## Problem description

Given an array of numbers `nums`

, in which exactly two elements appear only once and all other elements appear exactly twice, find the two elements that appear only once.

The order of the result is not important.

The algorithm should run in linear time complexity. Try to implement it with constant space, as well.

### Examples

**Input:** [1, 2, 1, 3, 2, 5]
**Output:** [3, 5]

## Solution

### Intuition

To run in linear time complexity, the solution has to traverse the array once and only once. It’ll need to keep track of how many times it sees each element. When I think about keeping track of how many times distinct elements appear, my mind jumps to a hash table or set.

My big concern is that checking the hash will make the solution worse than linear time. But as a first stab, let’s see if it works. Here’s how I’m thinking about expressing it in JavaScript:

```
var singleNumber = function(nums) {
let tracker = {};
let result = [];
for (let i=0; i<nums.length; i++) {
if (tracker.hasOwnProperty(nums[i])) {
tracker[nums[i]] += 1;
} else {
tracker[nums[i]] = 1;
}
}
for (item in tracker) {
if (tracker[item] === 1) {
result.push(item);
}
}
return result
};
```

This sets up a JavaScript Object, which I can use as a hash map, and an empty results array.

Then it loops through the `nums`

array and checks if the `tracker`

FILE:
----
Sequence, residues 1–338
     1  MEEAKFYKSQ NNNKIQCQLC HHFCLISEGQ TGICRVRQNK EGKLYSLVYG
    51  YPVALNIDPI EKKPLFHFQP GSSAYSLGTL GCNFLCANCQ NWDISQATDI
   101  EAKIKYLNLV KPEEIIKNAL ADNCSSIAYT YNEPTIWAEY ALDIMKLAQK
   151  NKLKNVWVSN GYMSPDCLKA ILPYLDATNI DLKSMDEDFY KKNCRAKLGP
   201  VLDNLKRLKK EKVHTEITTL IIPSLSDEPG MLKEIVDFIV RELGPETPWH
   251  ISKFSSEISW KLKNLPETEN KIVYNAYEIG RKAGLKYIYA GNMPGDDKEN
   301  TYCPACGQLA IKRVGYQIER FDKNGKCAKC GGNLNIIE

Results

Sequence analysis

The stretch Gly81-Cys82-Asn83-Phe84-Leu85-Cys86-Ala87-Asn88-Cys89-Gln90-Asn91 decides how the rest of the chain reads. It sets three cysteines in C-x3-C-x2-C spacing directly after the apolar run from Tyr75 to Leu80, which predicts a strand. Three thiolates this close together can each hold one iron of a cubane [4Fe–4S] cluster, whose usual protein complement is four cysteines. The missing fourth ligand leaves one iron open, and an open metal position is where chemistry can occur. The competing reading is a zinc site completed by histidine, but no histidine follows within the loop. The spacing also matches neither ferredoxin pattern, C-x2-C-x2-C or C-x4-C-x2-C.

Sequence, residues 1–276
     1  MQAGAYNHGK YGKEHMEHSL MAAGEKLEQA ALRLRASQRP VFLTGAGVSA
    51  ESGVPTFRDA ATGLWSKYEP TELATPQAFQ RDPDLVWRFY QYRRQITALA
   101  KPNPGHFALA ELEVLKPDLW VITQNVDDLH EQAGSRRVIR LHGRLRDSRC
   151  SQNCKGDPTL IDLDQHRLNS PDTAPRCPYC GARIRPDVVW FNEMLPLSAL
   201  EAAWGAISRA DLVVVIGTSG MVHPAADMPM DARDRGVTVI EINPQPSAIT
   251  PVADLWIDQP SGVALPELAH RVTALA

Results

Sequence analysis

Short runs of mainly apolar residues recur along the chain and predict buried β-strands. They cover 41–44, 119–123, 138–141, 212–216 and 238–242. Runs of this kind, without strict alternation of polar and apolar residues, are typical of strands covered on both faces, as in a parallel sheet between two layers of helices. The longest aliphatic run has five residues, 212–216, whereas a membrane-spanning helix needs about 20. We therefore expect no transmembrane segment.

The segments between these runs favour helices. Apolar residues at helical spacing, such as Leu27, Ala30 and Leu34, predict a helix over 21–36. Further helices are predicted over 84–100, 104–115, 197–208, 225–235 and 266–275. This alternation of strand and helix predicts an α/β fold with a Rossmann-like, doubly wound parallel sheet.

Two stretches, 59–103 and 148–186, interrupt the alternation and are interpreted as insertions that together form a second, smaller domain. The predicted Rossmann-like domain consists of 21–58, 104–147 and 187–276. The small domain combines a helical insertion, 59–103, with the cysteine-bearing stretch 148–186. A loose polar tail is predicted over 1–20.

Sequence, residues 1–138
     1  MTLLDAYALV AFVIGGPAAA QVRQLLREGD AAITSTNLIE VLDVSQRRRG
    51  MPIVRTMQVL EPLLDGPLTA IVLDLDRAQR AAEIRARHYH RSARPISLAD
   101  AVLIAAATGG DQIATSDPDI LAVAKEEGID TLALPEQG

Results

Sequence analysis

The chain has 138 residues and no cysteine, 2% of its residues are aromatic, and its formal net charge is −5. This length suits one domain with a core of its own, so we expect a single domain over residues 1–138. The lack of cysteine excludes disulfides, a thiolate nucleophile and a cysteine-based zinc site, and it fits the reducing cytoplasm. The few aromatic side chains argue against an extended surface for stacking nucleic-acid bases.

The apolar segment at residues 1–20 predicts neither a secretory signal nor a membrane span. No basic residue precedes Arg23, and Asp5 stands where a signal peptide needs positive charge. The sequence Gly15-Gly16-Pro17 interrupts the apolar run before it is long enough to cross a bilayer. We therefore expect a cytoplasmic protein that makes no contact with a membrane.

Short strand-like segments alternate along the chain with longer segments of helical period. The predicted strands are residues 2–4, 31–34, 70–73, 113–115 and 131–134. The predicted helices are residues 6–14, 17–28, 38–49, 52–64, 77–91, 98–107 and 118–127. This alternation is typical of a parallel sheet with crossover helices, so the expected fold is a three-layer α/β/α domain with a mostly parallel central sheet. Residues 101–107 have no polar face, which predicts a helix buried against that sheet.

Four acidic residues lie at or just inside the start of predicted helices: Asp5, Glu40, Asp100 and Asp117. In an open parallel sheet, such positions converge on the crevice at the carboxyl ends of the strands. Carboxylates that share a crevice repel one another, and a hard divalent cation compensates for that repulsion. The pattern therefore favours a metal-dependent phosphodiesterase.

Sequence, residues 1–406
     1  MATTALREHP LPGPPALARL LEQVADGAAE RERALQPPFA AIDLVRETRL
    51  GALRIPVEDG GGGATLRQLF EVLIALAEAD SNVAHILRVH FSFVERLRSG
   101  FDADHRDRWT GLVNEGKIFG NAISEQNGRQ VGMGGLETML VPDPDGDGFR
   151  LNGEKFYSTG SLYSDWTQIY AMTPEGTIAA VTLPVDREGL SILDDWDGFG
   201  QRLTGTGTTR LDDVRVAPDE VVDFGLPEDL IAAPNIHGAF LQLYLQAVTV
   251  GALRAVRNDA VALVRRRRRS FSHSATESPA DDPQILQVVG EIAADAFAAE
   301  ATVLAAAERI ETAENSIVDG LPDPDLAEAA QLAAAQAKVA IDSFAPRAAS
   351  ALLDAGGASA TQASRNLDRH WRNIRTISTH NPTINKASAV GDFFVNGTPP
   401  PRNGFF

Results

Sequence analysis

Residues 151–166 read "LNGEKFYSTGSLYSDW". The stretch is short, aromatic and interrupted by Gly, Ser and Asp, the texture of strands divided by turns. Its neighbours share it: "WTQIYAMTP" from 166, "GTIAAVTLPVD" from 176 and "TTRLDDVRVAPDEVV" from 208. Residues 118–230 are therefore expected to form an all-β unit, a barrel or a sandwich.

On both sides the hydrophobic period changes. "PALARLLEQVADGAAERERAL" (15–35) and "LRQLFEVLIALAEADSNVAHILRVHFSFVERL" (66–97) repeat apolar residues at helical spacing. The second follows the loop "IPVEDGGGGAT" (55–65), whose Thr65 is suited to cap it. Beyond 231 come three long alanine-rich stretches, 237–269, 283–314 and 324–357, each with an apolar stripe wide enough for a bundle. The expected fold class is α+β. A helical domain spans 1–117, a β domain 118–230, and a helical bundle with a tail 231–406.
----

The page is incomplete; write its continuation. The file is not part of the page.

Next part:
object has that number in it. If it does, it increments the count by one. If the hash doesn’t have it yet, we set the default value of that key to `1`

.

Then we loop through all the items in tracker. We check if each key’s value is `1`

. If so, we add it to the `result`

array and return it.

It’s only faster than 38.31% of other JavaScript solutions, and uses less space than 66.67% of them. I feel like my suspicions about the time complexity are true: this might technically be linear, but looping through the hash the second time is taking more time than I need. And considering the prompt asks about constant space, I’m thinking there’s another approach here that would be faster and take up less space.

### Answer

The discussion section on Leetcode had an O(n), constant space solution in JavaScript. You love to see it. The author says:

- Use XOR to remove all duplicated numbers;
- Find the right shift offset where the two single numbers have different bit;
- With the offset from step 2, divide all numbers into 2 groups, each of which has a single number.

Here’s how you express it in JavaScript:

```
var singleNumber = function(nums) {
var s = nums.reduce((n1, n2) => n1 ^ n2);
var offset = 0;
while (true) {
if (s & 1 == 1) {
break;
}
offset++;
s >>= 1;
}
var a = 0;
var b = 0;
nums.forEach(num => {
if ((num >> offset) & 1 == 1) {
a ^= num;
} else {
b ^= num;
}
});
return [a, b];
}
```

This is one of those solutions I feel like you can’t really reason your way to without understanding some additional concepts, like XOR and right shift offset.

If you haven’t worked much with bitwise operators (I personally don’t in my day-to-day), there’s a great discussion post on Leetcode about them that goes over some tips and tricks. Check it out.